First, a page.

Nostalgia can be a tricky thing to employ. It can transport you to a bygone time and place, but rely too much on it and you have nothing new to say. The recently released Dominaria, the newest set in Magic: the Gathering, could very easily have fallen into this trap. With the set being heralded as a return to the setting Magic started in, Dominaria could have gotten stuck celebrating the past with every single card, bring back old mechanics left and right while trying to bring back the feeling of playing Magic back in the day. Dominaria doesn’t do that, though, at least not entirely. Though the set uses nostalgia as a jumping off point, it as much points to the future as it does honor the past.
The new Saga cards typify this duality. A new Enchantment subtype, they portray major events from across Dominaria’s long history. These cards aren’t mired in the past, though, as the very method by which each Saga unfolds is like nothing that’s been seen in Magic before. Attached to each Saga are three different abilities that trigger sequentially, mirroring the event the card is portraying. When you play it or draw at the beginning of your turn, you put a Lore Counter on the card and complete the Chapter whose number is equal to the number of counters on the card. It might take a while to complete, but it’s an incredibly smart way to portray large-scale story events in card form.
Dominaria also puts Legendary Creatures in the spotlight by printing a plethora of them even at the Uncommon rarity. Many of the creatures’ names feature nods to past characters in the story, indicating descendants, or in some cases, returning characters. But these cards now matter in a new way. Anything that’s an Artifact, Legendary, or a Saga is considered Historic. That in itself isn’t new, as having certain card types matter, like Artifacts, has been part of Magic’s history throughout. The reason Historic is so refreshing is the flexibility in deckbuilding it inherently allows for. Take Jhoira, Weatherlight Captain as an example. Her card reads that whenever you cast a Historic spell, you draw a card. To build around her, you could fill a deck with Legendary cards, or you could make a deck that’s mostly artifacts. You can even make a deck that has a mix of all three. The play space Historic opens up is vast.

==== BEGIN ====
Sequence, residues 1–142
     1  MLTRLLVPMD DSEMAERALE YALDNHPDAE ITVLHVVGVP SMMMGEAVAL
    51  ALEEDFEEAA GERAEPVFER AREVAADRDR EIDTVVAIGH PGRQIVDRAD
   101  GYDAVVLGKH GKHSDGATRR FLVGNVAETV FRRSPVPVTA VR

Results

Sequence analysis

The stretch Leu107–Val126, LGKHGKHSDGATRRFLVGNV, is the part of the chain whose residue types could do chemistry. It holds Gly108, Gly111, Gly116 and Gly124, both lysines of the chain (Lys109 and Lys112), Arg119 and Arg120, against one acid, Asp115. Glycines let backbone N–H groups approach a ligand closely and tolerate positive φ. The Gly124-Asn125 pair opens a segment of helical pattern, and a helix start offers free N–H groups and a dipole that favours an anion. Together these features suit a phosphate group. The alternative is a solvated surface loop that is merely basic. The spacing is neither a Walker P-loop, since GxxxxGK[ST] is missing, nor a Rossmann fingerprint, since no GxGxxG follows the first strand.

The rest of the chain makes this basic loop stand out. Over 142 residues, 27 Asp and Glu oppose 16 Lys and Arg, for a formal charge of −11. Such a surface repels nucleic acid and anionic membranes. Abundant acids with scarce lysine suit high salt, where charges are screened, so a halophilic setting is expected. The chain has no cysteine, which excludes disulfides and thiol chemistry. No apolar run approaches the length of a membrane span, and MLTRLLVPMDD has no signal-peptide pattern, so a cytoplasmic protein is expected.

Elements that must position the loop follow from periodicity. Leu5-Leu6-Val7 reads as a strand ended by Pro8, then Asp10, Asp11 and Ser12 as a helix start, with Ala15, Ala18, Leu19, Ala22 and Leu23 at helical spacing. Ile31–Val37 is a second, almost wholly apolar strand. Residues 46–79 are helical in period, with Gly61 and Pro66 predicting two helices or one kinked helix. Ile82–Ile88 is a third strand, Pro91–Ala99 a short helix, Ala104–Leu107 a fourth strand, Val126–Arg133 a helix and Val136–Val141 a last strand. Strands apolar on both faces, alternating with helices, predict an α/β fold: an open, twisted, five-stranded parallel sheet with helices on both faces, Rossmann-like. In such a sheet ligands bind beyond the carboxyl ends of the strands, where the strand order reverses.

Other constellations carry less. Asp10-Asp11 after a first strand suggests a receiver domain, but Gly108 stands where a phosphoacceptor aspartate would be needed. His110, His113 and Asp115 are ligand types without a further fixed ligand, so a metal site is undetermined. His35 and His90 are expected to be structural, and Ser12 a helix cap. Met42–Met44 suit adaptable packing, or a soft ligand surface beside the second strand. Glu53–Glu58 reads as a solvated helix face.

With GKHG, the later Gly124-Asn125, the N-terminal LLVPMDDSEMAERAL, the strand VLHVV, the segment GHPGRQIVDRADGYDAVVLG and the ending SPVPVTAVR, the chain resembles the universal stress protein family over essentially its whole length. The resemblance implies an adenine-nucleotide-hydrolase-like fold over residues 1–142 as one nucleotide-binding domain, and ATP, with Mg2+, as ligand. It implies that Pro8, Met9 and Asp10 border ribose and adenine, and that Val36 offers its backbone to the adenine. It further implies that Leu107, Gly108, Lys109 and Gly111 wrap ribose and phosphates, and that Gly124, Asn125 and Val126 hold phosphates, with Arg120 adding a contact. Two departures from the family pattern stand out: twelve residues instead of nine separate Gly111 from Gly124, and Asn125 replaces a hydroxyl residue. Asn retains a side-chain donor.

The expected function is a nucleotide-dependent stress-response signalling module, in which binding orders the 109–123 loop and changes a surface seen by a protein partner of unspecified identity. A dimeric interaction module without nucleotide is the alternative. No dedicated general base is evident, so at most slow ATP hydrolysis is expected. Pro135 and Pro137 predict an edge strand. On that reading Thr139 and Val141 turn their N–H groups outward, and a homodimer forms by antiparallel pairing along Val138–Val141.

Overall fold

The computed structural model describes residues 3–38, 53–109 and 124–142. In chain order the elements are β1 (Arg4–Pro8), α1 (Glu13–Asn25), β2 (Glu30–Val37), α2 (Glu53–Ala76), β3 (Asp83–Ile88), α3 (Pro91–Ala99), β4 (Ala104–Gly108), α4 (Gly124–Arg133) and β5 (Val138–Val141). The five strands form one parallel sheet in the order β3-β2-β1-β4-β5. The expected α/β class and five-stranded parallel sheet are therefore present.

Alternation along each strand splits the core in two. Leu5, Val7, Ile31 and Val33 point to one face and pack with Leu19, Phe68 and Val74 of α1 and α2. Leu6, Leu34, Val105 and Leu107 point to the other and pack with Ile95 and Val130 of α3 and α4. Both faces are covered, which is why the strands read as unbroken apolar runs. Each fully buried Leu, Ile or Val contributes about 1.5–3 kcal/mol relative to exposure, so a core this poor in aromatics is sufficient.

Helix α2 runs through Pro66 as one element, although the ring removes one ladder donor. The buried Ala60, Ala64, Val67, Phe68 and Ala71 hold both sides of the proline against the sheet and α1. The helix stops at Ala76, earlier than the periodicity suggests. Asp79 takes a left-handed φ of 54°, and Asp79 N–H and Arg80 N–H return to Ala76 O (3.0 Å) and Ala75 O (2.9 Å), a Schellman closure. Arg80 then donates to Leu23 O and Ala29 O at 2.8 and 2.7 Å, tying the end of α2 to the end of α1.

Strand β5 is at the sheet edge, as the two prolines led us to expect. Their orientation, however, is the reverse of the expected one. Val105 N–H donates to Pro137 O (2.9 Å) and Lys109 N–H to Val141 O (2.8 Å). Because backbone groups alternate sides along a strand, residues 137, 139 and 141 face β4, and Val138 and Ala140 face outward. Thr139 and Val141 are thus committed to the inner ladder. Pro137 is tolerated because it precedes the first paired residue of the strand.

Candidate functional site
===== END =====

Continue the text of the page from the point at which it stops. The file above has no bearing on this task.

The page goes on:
And let’s not discount the power of aesthetics. The Sagas look like no other Magic card that’s come before, with a vertical text box running along the left side of the card and murals depicting the events along the right side. And Legendary cards have a new card frame that sports a crown on the top to mark the card as Legendary. Dominaria could have went all in on the nostalgia and printed cards in the old card frame that the game utilized in the very beginning, but the fact that Wizards of the Coast is willing to mess with the formula bodes well for the future.
And that’s the thing about Dominaria: It’s not like going home again. The land has changed, and Magic along with it. But that shouldn’t be seen as a bad thing. Magic is a growing, evolving game still, and the fact that 25 years later it’s still branching out in new directions is a testament to the strength of the game itself and the people behind it. Dominaria reminds us where we’ve been, but also that progress is forward momentum.